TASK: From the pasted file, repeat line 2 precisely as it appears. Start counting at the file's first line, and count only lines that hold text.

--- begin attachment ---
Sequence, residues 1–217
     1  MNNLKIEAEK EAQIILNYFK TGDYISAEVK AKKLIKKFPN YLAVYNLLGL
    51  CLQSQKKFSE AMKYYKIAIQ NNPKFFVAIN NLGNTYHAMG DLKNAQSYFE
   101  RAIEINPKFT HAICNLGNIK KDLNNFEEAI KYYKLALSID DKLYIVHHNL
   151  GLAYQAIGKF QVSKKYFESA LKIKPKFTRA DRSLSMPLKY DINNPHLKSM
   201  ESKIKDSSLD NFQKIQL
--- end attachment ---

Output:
     1  MNNLKIEAEK EAQIILNYFK TGDYISAEVK AKKLIKKFPN YLAVYNLLGL